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WTO NEWS: 2004 PRESS RELEASES

Press/374
20 April 2004
ANTI-DUMPING

WTO Secretariat reports significant decline in new anti-dumping investigations

The WTO Secretariat reported that in the period 1 July — 31 December 2003, 14 Members initiated 115 anti-dumping investigations against exports from a total of 30 different countries or customs territories. This represents a significant decline from the corresponding period of 2002, during which 18 WTO Members had initiated 161 anti-dumping investigations. 46 of the 115 initiations during the second semester of 2003 were reported by developed countries.

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India initiated the most investigations during the second semester of 2003, 33, a significant decline from the 56 investigations it had initiated during the second semester of 2002. The United States had the second highest number of initiations (21) during the second semester of 2003, up from 13 during the corresponding period of 2002. China reported 11 initiations, up from 6 during the corresponding period of 2002. Canada, Mexico, and Australia reported, respectively, 9, 8, and 7 initiations each. The eight other Members who reported initiations reported 5 or fewer initiations each.

China remains at the top of the list of countries subject to anti-dumping investigations, with 30 investigations initiated on its exports during the second semester of 2003, the same number as during the corresponding period of 2002. The United States, the European Communities, and Japan were next, with, respectively, 12, 8, and 8 investigations initiated on their exports in the second semester of 2003. India and Korea followed with 7 each, while Chinese Taipei had 6 investigations initiated on its exports. 23 other countries or customs territories each had 4 or fewer investigations initiated on their exports during the second semester of 2003.

The largest number (31) of investigations initiated during the second semester of 2003 involved products classified in the chemicals sector of the Harmonized System of Tariff Classification. India initiated 13 of its 33 investigations on products in that sector, followed by the United States with 10, and China with 4. The second most affected sector was base metals, which includes iron, steel and aluminium products, with 29 investigations initiated. Canada initiated 7 of its nine investigations in that sector, followed by Mexico and the United States, with 5 each, and Australia and New Zealand with 4 each. The plastics sector accounted for 16 initiations, with India initiating 9, followed by China with 3.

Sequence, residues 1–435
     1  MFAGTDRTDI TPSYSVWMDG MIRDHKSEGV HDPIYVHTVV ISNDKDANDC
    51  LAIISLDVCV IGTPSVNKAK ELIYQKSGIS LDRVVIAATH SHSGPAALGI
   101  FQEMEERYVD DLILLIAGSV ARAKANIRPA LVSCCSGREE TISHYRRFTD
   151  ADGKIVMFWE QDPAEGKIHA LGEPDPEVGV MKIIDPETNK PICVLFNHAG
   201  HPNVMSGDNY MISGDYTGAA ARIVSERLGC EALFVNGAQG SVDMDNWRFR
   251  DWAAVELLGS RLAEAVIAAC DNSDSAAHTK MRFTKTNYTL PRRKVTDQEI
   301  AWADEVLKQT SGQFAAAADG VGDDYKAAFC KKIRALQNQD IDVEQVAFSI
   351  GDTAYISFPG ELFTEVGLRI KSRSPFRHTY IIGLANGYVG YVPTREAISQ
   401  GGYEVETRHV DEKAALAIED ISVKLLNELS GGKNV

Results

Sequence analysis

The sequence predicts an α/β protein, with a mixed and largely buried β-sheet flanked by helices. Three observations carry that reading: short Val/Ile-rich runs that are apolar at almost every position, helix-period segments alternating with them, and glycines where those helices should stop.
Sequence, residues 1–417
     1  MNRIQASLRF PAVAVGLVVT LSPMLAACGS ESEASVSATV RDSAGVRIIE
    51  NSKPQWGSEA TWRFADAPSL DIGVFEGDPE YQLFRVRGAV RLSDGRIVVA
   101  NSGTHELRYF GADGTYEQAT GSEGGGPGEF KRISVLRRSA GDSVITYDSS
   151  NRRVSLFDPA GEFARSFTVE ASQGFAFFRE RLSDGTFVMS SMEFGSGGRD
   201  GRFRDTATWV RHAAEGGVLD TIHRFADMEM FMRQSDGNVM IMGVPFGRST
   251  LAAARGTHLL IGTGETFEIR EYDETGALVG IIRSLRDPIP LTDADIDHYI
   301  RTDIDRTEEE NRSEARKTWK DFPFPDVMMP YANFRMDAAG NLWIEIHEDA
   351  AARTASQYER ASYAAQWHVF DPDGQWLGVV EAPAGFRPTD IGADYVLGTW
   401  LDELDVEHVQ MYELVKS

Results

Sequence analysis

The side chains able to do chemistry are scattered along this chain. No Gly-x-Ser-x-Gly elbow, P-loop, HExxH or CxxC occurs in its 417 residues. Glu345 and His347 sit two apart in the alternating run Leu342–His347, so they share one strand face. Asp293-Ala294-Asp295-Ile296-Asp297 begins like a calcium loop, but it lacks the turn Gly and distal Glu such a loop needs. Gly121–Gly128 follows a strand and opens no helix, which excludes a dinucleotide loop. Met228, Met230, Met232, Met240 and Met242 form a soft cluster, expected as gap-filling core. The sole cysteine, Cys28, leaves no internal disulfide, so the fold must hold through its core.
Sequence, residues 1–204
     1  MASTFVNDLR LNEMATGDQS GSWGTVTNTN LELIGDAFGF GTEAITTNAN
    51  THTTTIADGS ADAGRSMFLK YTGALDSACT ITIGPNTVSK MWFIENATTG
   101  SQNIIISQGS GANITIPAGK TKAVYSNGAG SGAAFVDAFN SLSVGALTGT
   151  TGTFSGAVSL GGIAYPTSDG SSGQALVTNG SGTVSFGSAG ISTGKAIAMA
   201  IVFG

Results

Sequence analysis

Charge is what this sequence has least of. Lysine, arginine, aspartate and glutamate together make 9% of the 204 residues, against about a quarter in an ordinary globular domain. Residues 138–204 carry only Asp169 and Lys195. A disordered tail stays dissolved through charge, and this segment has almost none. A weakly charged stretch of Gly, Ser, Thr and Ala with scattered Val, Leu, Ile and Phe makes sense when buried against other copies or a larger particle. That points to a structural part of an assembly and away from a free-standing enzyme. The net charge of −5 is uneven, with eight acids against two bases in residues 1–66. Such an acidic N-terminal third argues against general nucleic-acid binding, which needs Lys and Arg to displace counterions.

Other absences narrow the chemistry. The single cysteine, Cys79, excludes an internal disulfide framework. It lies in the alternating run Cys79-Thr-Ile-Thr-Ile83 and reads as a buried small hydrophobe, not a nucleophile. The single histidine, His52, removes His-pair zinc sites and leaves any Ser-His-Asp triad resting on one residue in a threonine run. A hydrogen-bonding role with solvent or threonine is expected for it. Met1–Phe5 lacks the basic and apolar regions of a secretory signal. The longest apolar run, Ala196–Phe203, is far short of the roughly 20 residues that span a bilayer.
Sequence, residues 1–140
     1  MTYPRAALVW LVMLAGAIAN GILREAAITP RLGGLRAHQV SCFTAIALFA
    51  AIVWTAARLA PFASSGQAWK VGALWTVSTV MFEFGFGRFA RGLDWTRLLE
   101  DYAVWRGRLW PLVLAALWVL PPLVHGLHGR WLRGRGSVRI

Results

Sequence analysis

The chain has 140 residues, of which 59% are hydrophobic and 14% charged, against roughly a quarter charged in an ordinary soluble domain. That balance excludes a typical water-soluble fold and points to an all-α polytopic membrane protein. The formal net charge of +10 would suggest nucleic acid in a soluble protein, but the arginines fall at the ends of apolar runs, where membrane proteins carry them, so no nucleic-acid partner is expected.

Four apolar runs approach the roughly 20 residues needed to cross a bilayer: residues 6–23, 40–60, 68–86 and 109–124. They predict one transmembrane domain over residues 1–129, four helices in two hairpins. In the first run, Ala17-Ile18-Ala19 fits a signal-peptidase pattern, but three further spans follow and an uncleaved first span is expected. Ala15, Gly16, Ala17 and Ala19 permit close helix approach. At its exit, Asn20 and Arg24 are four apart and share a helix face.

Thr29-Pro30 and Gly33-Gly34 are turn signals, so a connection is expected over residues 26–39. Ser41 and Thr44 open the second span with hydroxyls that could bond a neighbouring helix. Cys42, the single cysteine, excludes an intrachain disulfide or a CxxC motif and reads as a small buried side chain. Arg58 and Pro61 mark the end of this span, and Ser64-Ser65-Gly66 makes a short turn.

Sixteen WTO Members imposed a total of 107 final anti-dumping measures against exports from 31 countries or customs territories during the second semester of 2003. This is a slight decline from the 113 measures imposed during the corresponding period of 2002. Developed countries imposed 23 of the 107 final anti-dumping measures in the second semester of 2003, a decline from 33 measures imposed during the corresponding period of 2002.

India imposed the largest number of final measures (32) during the second semester of 2003, a decline from the 43 measures imposed during the corresponding period of 2002. China was second, with 21 final measures imposed, a sharp increase from the second semester of 2002, for which China reported no final measures imposed. The United States was a distant third, reporting 9 final measures, down from 10 during the second semester of 2002. Australia and Turkey followed, with 8 and 7 measures each, up from 4 and 3 respectively during the corresponding period of 2002. The eleven other Members who reported imposing measures each imposed 5 or fewer measures during the second semester of 2003.

Exports from China were once more the subject of the largest number of final measures (22) imposed during the second semester of 2003. This represents an increase from the 19 measures imposed against Chinese exports during the second semester of 2002. Korea was second, with 15 measures, followed by Japan and Indonesia, with 8 and 7 measures on their exports during the second semester of 2003, respectively. 27 other countries or customs territories were each the subject of 5 or fewer measures imposed on their exports during this period.

The sector most affected by final measures was chemicals, with 40 final measures imposed on products in that sector. The base metals sector was second most affected, with 20 measures imposed, and the plastics sector was third, with 17 measures. India accounted for the majority of measures imposed on chemical products, 22 of its 32 measures being in that sector. China applied 7 of its 21 measures on chemical products, followed by the United States with 3, the European Communities and Pakistan with 2, and Brazil, Egypt, Korea, and Turkey with one each. Canada and China each accounted for 4 of the measures in the base metals sector, with India and Mexico accounting for three each, Peru and Turkey accounting for 2 each, and Australia and Brazil accounting for one each. China applied 8 measures on products in the plastics sector, followed by Australia with 6, with the United States accounting for the other 3 measures in that sector.

The data are taken from the semi-annual reports of Members to the Committee on Anti-Dumping Practices. The statistics are based on information from Members having submitted semi-annual reports for the relevant periods, and are incomplete to the extent Members have not submitted reports or have submitted incomplete reports. For the purpose of these statistics, each investigation or measure reported covers one product imported from one country or customs territory.

The anti-dumping semi-annual reports by Members for the period 1 July — 31 December 2003 can be found under document series G/ADP/N/112.

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